About a week has passed since my arrival in Accra. Having arrived late to NYU's orientation, another NYU student and I dragged our belongings into a van where we were shuttled to meet the other students. We completed half a day of orientation before our bags ever saw our rooms.
We live in a giant commune where four houses surround a common outside area. Inside, the ceilings are high and plated with crown molding, and our rooms are more spacious than a dream apartment back in the city. Outside, we have marble balconies where we can perch and gaze over at the grove of tropical trees beyond our yard.
However, our shower, AC and toilet did not work for the first few days/still. Our commune is protected by barbwire and vigilant security. We were told that a University of Legon student was robbed around the corner midday for his laptop. And I've been having crazy dreams. This beautiful, tropical weather definitely doesn't exempt travelers from an adjusting period.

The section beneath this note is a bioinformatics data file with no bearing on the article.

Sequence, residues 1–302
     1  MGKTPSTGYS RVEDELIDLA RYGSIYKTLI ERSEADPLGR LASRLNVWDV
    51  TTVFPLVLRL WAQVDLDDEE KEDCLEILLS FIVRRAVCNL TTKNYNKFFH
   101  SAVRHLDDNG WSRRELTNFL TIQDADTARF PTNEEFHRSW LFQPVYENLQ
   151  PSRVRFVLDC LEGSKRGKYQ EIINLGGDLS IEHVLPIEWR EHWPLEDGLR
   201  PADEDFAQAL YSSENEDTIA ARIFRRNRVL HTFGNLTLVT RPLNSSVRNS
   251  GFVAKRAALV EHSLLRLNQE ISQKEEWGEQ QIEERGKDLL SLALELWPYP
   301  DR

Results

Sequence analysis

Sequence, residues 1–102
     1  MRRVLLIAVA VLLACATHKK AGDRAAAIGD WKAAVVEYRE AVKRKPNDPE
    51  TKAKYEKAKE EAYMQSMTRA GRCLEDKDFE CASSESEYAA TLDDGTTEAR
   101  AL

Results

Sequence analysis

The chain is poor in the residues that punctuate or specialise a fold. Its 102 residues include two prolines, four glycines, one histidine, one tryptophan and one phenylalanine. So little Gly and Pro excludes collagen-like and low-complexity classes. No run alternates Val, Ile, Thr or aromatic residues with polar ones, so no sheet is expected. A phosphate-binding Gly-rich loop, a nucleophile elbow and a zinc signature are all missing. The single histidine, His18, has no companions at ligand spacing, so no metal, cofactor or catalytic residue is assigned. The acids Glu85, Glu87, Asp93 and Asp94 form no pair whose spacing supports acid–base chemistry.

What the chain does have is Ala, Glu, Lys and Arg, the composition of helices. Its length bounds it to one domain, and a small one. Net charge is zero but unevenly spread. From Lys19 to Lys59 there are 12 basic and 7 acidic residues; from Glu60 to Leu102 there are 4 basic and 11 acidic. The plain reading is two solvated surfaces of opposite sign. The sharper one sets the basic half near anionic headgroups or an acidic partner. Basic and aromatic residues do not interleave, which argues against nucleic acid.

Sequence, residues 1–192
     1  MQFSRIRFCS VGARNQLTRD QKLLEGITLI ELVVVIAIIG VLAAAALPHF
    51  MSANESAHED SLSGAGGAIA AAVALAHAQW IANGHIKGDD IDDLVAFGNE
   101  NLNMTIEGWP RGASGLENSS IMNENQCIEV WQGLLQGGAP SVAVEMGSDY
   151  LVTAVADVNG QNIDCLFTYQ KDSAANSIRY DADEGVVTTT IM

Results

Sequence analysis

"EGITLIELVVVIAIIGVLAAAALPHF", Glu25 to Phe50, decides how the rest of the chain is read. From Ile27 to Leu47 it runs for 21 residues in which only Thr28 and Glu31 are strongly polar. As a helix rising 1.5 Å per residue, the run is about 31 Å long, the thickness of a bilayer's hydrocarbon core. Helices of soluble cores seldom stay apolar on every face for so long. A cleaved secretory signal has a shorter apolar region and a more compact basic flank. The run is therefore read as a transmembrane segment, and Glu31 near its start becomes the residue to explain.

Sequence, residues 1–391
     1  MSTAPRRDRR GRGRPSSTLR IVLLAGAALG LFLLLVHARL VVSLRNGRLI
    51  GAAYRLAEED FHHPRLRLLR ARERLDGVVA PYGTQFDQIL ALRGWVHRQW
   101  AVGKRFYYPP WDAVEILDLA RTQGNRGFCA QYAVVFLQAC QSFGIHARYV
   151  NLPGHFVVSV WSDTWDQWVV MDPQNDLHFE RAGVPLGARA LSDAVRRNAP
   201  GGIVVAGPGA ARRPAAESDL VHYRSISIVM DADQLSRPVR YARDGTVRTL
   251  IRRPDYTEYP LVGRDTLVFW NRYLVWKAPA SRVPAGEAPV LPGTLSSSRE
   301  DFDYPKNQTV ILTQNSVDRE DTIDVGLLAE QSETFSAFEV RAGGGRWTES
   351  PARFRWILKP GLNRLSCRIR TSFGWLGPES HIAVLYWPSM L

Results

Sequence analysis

The animals are awesome though. The frogs are humongous and bellow throughout the night from the gutters, and the salamanders are as cute as they are freaky. The birds here are clearly descendants from the dinosaurs because they look like dino-pigeons. They don't chirp; they scream like hoarse beagles or monster ducks. Another kind of bird in the area looks a little like a narrow plank and whistles around making an like owl-like, swooping sound as it fights fellow plank-birds out of the trees. It's a highly entertaining means of distraction during a lecture.
So far, I have visited the market, Labadi beach and a few restaurants and learned a little Twi, but I'm still getting a barring on the general layout of the city. The locals are very helpful, however, and will immediately engage in conversation. The kids are super cute too and enjoy meeting tourists. A few small children near the slave castles on the coast, about 3-4 years old, couldn't speak English, so they instead ran around us, grabbing our hands and repeatedly shouting "How are you?" They're pretty hard not to love.